Garage Gorky Park – due to be completed in 2014 – will be a renovation of the famous 1960s Vremena Goda (Seasons of the Year) restaurant, a prefabricated concrete pavilion which has been derelict for more than two decades. The design for the 5,400m2 building includes exhibition galleries on two levels, a creative center for children, shop, café, auditorium and offices. The design preserves original Soviet-era elements – including a large mosaic, tiles, and brick – while incorporating a range of innovative architectural and curatorial devices.
Hide Garage Center for Contemporary Culture was founded in 2008 at the Konstantin Melnikov designed Bakhmetevsky Bus Garage. Relocating from a semi-industrial neighbourhood in the north of Moscow to one of the city’s best known public spaces, Garage will be exposed to a much larger and diversified audience. After three years of cultivating progressive culture, it will cohabit with mass culture.
Exposed to snow, rain, and sun since it was abandoned in the 1990s, the former Vremena Goda restaurant – once a huge attraction in Gorky Park – is now a ruin without facades. Yet it is structurally sound. Even as a ruin it preserves the “collective” aura of the Soviet era: it is a sober and rigorous public space adorned with tiles, mosaics and bricks.
The building offers two levels of unobstructed open space that will be dedicated to exhibitions, organized around two circulation and service cores. The existing concrete structure will be enclosed with a new façade consisting of a translucent double layer polycarbonate that will accommodate a large portion of the building’s ventilation equipment, leaving the exhibition spaces free. This facade will be lifted 2.25 metres from the ground in order to visually reconnect the pavilion’s interior to the park.
The ground floor, with a height of 5.65 metres, will function as an experimental zone, where exhibition programs will share space with public events in the lobby, as well as with educational and recreational facilities, and storage spaces. The upper level, with a height of 3.7 metres, is conceived as a more conventional exhibition space for paintings, sculptures, video, photography and other media.
While the existing walls in the upper level will keep their brick and green tile cladding, OMA has designed hinged white walls that can be folded down from the ceiling, creating an instant white cube when an exhibition demands a more neural environment.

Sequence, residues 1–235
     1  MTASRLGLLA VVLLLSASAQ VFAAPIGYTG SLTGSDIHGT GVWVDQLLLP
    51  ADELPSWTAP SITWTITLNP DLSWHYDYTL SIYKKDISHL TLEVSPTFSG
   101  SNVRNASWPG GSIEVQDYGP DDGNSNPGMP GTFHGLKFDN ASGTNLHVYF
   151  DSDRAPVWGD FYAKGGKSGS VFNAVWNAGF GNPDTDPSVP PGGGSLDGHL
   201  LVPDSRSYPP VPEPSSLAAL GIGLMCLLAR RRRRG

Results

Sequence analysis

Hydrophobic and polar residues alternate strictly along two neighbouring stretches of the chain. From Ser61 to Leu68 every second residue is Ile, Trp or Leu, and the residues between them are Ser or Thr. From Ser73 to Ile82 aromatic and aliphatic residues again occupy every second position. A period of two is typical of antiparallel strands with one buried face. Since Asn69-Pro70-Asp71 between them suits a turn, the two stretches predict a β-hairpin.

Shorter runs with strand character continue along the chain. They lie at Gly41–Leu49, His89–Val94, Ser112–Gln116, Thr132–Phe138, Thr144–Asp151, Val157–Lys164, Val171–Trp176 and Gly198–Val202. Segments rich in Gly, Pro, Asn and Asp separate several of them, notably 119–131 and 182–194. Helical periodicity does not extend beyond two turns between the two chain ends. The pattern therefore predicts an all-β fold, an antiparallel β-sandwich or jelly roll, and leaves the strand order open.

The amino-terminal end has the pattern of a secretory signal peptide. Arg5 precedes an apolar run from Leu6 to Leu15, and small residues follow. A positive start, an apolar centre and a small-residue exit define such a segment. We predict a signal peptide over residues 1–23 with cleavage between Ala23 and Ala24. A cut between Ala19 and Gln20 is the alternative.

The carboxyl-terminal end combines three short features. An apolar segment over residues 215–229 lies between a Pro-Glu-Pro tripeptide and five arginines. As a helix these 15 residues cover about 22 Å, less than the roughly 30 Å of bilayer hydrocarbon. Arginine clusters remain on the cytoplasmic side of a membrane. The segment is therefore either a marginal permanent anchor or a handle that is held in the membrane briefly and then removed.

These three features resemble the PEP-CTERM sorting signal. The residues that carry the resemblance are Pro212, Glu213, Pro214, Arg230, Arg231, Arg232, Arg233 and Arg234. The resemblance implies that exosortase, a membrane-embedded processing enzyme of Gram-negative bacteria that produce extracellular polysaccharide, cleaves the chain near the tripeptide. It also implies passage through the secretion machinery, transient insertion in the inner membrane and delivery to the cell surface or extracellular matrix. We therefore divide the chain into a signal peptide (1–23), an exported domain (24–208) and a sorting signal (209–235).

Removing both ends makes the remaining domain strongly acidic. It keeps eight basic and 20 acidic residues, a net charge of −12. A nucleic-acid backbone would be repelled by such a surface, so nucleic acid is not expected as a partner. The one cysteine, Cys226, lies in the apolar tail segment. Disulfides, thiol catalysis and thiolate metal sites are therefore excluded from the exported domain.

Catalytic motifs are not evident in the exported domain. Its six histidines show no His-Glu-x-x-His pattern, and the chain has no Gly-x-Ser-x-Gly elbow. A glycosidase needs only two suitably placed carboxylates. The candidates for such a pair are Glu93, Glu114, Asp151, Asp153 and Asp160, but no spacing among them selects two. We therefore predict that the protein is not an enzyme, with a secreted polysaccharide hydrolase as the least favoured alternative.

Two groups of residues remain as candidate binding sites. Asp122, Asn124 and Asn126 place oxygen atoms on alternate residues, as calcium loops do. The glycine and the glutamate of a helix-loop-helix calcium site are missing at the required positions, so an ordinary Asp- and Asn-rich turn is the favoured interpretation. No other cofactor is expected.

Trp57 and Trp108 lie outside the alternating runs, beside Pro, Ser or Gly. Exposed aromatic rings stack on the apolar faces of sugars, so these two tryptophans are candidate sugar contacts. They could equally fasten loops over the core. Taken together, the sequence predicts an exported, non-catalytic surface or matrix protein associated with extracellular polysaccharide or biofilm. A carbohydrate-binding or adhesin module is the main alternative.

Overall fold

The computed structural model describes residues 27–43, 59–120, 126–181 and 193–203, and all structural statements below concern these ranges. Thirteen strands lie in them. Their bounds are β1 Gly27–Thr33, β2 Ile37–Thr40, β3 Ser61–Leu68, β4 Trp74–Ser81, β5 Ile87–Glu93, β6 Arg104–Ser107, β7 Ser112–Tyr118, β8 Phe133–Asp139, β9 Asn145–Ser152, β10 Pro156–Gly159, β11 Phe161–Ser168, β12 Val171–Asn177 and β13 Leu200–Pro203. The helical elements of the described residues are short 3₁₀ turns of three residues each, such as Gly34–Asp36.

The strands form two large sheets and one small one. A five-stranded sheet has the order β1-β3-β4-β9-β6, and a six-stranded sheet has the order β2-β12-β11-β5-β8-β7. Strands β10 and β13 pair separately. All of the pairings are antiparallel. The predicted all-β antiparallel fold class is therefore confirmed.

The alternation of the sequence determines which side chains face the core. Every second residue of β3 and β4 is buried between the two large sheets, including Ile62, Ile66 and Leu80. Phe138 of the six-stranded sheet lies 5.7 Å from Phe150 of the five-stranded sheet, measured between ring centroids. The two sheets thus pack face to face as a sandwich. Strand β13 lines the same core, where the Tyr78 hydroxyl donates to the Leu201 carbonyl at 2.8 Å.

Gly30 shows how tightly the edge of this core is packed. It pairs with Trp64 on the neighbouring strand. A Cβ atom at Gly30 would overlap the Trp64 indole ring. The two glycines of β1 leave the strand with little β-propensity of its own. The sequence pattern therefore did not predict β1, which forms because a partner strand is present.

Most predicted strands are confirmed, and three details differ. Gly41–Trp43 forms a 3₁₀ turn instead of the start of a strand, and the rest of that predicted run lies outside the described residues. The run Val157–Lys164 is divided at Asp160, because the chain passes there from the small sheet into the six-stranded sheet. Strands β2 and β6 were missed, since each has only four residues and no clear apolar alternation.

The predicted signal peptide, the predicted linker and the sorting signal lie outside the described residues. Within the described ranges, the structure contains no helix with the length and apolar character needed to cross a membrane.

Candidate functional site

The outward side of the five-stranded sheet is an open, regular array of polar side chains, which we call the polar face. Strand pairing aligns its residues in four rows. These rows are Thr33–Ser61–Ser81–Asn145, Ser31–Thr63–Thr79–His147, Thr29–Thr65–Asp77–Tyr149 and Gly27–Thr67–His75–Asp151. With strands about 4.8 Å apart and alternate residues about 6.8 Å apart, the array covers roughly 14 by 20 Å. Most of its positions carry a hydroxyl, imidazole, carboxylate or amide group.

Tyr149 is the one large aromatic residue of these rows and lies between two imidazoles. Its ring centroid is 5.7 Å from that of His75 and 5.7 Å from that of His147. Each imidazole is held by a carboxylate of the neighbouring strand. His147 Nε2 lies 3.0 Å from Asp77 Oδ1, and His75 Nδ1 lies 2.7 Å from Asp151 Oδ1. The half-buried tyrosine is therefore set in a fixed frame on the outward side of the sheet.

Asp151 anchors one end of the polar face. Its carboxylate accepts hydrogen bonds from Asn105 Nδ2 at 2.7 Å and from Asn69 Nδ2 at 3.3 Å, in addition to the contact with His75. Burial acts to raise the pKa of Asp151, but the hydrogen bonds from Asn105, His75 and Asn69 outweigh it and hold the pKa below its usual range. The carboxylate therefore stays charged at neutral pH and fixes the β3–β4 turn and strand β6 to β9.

A 9×11-metre opening in the floor of the upper level creates a double height space (10 metres) for the lobby, allowing extra large sculptures to be displayed. During exhibitions that don’t require a double height space, the opening can be covered by a light metal grid that can be walked on, otherwise
hoisted up to the ceiling.
The entrance to Garage Gorky Park is marked by two large facade panels that slide upwards to create a view through the building from the park and frame the art in the lobby’s double height space.
A public loop on the lower level will connect the bookshop, mediatheque, auditorium and café, which is envisioned as an informal living room with Soviet-era furniture.
Partner-in-Charge: Rem Koolhaas
Associate-in-Charge: Chris van Duijn
Project Architect: Ekaterina Golovatyuk
Team: Giacomo Cantoni, Nathan Friedman, Cristian Mare, John Paul Pacelli, Cecilia del Pozo, Timur Shabaev
Olga Treivas, Vera Odyn, Alina Yaroshenko, Natalya Samohina
Client: Garage Museum of Contemporary Art
Status: Design Development
Area: 6200 m2
Exposed to snow, rain, and sun since it was abandoned in the 1990s, the former Vremena Goda restaurant — once a huge attraction in Gorky Park — is now a ruin without facades
The building offers two levels of unobstructed open space that will be dedicated to exhibitions, organized around two circulation and service cores.